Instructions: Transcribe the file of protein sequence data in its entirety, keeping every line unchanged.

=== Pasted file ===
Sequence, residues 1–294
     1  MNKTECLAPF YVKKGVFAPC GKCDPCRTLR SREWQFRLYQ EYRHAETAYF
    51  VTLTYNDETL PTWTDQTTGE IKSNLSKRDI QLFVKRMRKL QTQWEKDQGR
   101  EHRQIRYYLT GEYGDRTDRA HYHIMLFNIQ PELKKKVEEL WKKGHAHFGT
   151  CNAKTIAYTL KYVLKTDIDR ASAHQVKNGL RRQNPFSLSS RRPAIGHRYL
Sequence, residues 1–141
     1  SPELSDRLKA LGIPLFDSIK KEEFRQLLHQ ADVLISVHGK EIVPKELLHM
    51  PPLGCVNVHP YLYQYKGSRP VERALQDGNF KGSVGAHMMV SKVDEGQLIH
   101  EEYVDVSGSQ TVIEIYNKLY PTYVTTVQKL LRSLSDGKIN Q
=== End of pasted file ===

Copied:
Sequence, residues 1–294
     1  MNKTECLAPF YVKKGVFAPC GKCDPCRTLR SREWQFRLYQ EYRHAETAYF
    51  VTLTYNDETL PTWTDQTTGE IKSNLSKRDI QLFVKRMRKL QTQWEKDQGR
   101  EHRQIRYYLT GEYGDRTDRA HYHIMLFNIQ PELKKKVEEL WKKGHAHFGT
   151  CNAKTIAYTL KYVLKTDIDR ASAHQVKNGL RRQNPFSLSS RRPAIGHRYL
Sequence, residues 1–141
     1  SPELSDRLKA LGIPLFDSIK KEEFRQLLHQ ADVLISVHGK EIVPKELLHM
    51  PPLGCVNVHP YLYQYKGSRP VERALQDGNF KGSVGAHMMV SKVDEGQLIH
   101  EEYVDVSGSQ TVIEIYNKLY PTYVTTVQKL LRSLSDGKIN Q